Science Education And Political Choices

At lunch the other day, there were some magazines on the table. I picked one up, turned to a random page, and a particular phrase caught my eye – in essence, the writer was saying that they don’t believe we should give scientists a blank check, and a carte blanche to do whatever research takes their fancy. He seemed to imply that some scientists say that we should. I don’t know if any scientists actually do say that, however, it raises an important question. Who, ideally, should decide what scientists should work on, and how much money they should get?
Some might argue that the scientists should decide. They, after all, know best what their research is about. They may even have the clearest idea about what benefit it may bring to society. However, scientists are just as human as everyone else, and are therefore just as tempted as anyone else to overstate the value of their own contributions.

In practice, in developed countries, money for science is divvied up by government-appointed panels. The amount of money, and the general direction of research, is set by the governing powers of the day, and these politicians are elected by the people as local representatives. In an indirect and roundabout way, it is the general public who decides which scientists get the cash to seek new discoveries. Some might argue that this is a good thing. After all, tax money comes out of our pocket, shouldn’t we have a say in where it goes?

Should we?

The sad fact is, most people don’t have sufficient scientific know-how to make this kind of decision. That extra million there – is it better to spend it on a new hospital, or on experiments with powerful magnetic fields? Or on glow-in-the-dark jellyfish?

There are, in fact, many more decisions like this one that the public makes at election time – decisions requiring more scientific nous than the average Joe or Jenny possesses. If we, the people, don’t understand an issue well enough, our decisions will be random at best. At worst, we will be completely taken by the special interest group with the best PR machine. Some issues that have come to the fore in recent years :

  • Global warming : is there really evidence that the earth is getting hotter? Scientists say so. And what are the likely consequences? Is the cost of a Carbon tax or Emissions Trading Scheme worth it? And what does this have to do with the acidification of the sea? With poor knowledge of science, the public can’t decide.
  • Power Generation : Is nuclear power still unsafe? Was it ever? Why or why not? Are biofuels really responsible for high food prices? Is solar and wind power really unstable? Are there ways to overcome these problems, or are fossil fuels still the only practical energy source? Where would a few million bucks of research money do the most good? A lot of scientific details need to be grasped to properly answer these questions, yet the public is deciding on them now.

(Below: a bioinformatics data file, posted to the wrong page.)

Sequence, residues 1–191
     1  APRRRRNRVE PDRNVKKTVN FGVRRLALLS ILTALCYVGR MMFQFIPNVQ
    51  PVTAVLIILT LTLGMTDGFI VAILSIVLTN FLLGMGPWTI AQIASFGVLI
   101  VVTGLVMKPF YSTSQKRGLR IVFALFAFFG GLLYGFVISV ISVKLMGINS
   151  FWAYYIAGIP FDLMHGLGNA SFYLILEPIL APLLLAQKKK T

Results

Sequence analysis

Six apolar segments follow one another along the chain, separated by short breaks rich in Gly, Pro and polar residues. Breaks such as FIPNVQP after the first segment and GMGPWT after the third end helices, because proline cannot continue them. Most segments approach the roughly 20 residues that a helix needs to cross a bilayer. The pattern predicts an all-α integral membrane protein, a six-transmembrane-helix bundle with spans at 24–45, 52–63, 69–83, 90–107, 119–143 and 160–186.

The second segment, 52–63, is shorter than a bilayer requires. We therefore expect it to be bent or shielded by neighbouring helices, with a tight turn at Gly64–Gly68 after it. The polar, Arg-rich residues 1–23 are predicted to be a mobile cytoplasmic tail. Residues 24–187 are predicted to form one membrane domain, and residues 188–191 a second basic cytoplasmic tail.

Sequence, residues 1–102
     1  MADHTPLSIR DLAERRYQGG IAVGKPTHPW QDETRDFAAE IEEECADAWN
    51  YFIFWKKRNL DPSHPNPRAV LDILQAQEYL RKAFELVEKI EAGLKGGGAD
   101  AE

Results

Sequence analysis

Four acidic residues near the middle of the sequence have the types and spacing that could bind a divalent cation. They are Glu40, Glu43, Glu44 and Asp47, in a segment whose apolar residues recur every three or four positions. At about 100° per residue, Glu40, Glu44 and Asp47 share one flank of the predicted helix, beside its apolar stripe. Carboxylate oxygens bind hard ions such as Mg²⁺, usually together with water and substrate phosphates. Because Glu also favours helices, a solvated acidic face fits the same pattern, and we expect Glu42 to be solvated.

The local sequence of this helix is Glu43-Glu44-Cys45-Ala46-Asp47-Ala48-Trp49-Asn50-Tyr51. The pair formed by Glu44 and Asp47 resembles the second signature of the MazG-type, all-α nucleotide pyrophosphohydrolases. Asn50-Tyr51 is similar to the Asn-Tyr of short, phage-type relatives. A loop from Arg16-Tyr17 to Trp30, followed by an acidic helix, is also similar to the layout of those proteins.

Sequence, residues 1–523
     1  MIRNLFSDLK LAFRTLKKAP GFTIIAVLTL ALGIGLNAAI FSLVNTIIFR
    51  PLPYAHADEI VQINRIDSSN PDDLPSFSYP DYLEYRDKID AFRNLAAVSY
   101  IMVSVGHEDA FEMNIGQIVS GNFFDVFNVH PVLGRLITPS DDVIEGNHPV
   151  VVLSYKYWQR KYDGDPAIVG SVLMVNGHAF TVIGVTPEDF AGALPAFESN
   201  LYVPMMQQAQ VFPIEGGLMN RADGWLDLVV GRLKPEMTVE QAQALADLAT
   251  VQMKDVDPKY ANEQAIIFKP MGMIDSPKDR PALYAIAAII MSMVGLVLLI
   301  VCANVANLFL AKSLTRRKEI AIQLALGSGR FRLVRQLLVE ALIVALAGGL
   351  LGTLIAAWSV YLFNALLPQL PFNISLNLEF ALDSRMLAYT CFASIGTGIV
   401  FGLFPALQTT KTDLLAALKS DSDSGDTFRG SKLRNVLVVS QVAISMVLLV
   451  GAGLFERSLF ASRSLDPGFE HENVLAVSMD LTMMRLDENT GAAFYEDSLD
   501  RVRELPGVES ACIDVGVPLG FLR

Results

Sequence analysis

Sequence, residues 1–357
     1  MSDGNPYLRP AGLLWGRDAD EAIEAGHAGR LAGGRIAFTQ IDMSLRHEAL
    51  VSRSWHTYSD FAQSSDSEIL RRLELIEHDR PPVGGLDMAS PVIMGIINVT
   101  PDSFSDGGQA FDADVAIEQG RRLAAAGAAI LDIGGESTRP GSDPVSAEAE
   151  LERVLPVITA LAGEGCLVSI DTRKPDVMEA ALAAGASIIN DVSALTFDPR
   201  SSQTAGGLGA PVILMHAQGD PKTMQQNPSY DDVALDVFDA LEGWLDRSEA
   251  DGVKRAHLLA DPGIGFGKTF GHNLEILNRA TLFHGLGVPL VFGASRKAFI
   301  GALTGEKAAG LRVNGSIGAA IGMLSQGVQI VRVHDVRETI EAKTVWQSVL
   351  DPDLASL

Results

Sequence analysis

• Stem Cell Treatments : which is more unethical – to experiment on stem cells from a human embryo, or to deny someone 10 years from now a chance to recover from Alzheimer’s? Does the (newly discovered) ability to create stem cells from normal adult cells change our answers? If we don’t understand the scientific issues, how can we understand the ethical ones?
  • GMO labeling : Should food manufacturers be compelled to label products containing genetically modified ingredients? If so, is it enough to just say “contains genetically modified soybeans”, or does the kind of modification matter? What, exactly, is GM anyway, and what are the real risks and benefits? How can a normal member of the public obtain an informed opinion?

These issues – and others like them – won’t go away. Or if they do, there will be other hot questions that take their place. If the public can’t decide, these issues will be made by politicians and media personnel. Such people are no more likely to understand the science behind the issues than anyone else.

So what’s to be done?

Ideally, everyone in society would have an adequate grasp of basic science (and economics and psychology and so on!). Enough to “get” the core issues in a debate. Enough to see which side is talking sense and which side is just blathering on – or whether both are doing both. Unfortunately, in many people’s minds, science education should be reserved for future scientists. If this course were followed, only a small minority of people would ever know why saving the life of particular plant might be worth delaying a new iron refinery.

We shouldn’t expect everyone to become scientist. In fact, only a small minority of people will choose such a path. Does this mean that the rest should be left with no appreciation of science? Not at all! Only a small percentage of people become musicians of any calibre, or actors or writers. However, many many people appreciate music, films and books – and the world is a better place because of this.

The idea in the preceding paragraph came from a book I read some time ago. I can’t recall the title, alas. The author imagined a world where people appreciate science in the same way they appreciate music now. Science is an artistic endeavour as well as an intellectual one. It is as filled with the joy of discovery as is a holiday in an unfamiliar country. It often produces products that impact our lives in practical, positive ways. There’s no reason why a non-scientist couldn’t appreciate it.

So, while a teacher can’t expect all his or her students to become scientists (or mathematicians!), they can and should try to instill in them a sense of amazement at what science is, what it does, and what it shows us about our world. Even if they missed that in their own education, there are myriads of ways to fill the gap now, with science museums, science experiments on Youtube, and online advice.

Go for it!